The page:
The Canadian Securities Administrators (CSA) have issued
proposed changes to the rules on the marketing of prospectus
offerings. These changes include new rules on "upsizing"
bought deals and new rules on the conduct of road shows. These
changes are not in force, and the CSA has asked for feedback on a
number of specific elements of the proposals.
While some of the changes may be consistent with existing Street
practice, some of the new proposals, if adopted, would impact
marketing activities in a number of ways. For instance:
the CSA has finally proposed rules on "upsizing" a
bought deal, and is requesting comments on whether upsizing should
be capped at 15%, 25%, 50% or some other limit of the original
the CSA is proposing to regulate the use of term sheets on
prospectus offerings, including bought deals. In addition to
requiring prescribed new legends on term sheets, they are proposing
that a term sheet be approved in writing by the issuer and all of
the underwriters and filed on SEDAR prior to providing it to any
potential investors. Term sheets would also need to be included in
the prospectus, meaning issuers and underwriters would have
liability on them. As a practical matter, we believe there is
typically little, if any, information in a term sheet that would
not be in the prospectus, but this would be a significant change
from the current law;
the CSA is proposing brand new rules on road shows. Not
surprisingly, the new rules explicitly state that all information
in a road show needs to be in the prospectus. The CSA is asking for
comments on the use of "comparables" (i.e., data and
information on comparable companies relevant for pricing and other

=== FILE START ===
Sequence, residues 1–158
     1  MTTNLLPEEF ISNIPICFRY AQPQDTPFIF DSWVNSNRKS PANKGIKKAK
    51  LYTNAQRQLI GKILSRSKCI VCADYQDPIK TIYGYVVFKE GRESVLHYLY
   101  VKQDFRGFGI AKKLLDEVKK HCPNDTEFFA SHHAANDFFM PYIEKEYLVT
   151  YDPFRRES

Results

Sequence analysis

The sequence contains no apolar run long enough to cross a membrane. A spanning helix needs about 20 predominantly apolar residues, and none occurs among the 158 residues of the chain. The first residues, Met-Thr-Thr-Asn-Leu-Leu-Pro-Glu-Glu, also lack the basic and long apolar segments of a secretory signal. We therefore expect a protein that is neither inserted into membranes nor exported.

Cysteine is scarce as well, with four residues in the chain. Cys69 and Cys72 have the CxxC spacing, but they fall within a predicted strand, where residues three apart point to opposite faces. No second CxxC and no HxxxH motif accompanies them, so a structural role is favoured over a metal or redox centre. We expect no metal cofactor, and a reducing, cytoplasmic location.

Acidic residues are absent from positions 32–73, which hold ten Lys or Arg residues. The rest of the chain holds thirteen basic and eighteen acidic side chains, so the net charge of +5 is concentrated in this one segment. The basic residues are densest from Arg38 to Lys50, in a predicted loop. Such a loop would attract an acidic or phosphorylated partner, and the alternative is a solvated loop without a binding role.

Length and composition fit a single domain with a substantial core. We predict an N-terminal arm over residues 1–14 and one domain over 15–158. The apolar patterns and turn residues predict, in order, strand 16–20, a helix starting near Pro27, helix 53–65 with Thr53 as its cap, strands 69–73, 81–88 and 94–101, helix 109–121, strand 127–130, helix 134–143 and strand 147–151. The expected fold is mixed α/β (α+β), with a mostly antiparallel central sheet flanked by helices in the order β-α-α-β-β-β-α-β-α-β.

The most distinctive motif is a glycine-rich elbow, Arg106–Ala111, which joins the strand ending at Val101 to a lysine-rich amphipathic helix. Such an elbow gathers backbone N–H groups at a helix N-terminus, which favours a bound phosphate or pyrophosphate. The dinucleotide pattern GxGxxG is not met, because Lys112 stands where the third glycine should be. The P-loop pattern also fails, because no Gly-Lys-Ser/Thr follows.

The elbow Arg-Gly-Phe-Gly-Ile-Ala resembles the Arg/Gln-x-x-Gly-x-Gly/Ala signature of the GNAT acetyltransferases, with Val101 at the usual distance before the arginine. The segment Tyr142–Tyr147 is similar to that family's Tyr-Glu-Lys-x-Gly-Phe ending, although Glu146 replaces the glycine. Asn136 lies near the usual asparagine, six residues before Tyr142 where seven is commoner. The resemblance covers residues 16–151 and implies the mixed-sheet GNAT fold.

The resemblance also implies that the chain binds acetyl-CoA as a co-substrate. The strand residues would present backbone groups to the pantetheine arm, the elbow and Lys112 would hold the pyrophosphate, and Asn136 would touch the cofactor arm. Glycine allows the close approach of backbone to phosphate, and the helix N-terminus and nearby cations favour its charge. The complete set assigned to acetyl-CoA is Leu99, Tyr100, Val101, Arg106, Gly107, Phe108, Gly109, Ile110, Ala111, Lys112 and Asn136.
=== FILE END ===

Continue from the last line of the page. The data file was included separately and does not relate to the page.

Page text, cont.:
purposes) in road show materials. The CSA is proposing to
distinguish between institutional investors and retail investors in
terms of providing comparables. Comparables could be disclosed to
institutional investors in a road show without that information
being in the prospectus if written confidentiality commitments are
obtained from those investors. However, comparables could only be
disclosed to retail investors in a road show if that information is
in the prospectus and the issuer and underwriters take liability
for it. In practice, this may not be a significant issue given that
road shows for retail investors are relatively uncommon in
the CSA is also asking for comments on whether there should be
additional rules on the use of comparables, such as prescribed
templates for metrics, or rules on how to pick a representative
sample of comparable issuers;
one other notable aspect of the new rules is that written
materials distributed to investors during road shows (other than
the prospectus) are proposed to be treated in the same way as term
sheets, suggesting that if any investor presentation (i.e., a slide
deck) is given to investors in physical form, that would need to be
included in the prospectus and filed on SEDAR. This would result in
issuers and underwriters having liability on an investor
the CSA is also proposing a new "testing the waters"
exemption that would allow limited marketing to institutional
investors prior to an IPO of a private company. This ability to
test the waters could be of interest to issuers and dealers looking
for early stage views on whether there is demand for the securities
of a particular issuer and potential pricing. The proposed
exemption would not apply if the issuer is listed in any
We will be providing further commentary on these proposals in a
The proposals were issued on November 25, 2011 and the deadline
for comments is February 23, 2012.
Desmond Lee practises corporate and securities
law with an emphasis on securities offerings, investment dealer
regulation and public company issues. Jeremy
Fraiberg is Co-Chair of Osler's Mining Group.
François' Paradis practice covers many
areas of corporate and securities law with an emphasis on corporate
finance and mergers and acquistions.
The content of this article is intended to provide a general
guide to the subject matter. Specialist advice should be sought
about your specific circumstances.
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The Canadian Office of the Superintendent of Financial Institutions ("OSFI") recently ruled that a bank cannot promote comprehensive credit insurance ("CCI") within its Canadian branches under the Insurance Business (Banks and Bank Holdings Companies) Regulations (the "Regulations").
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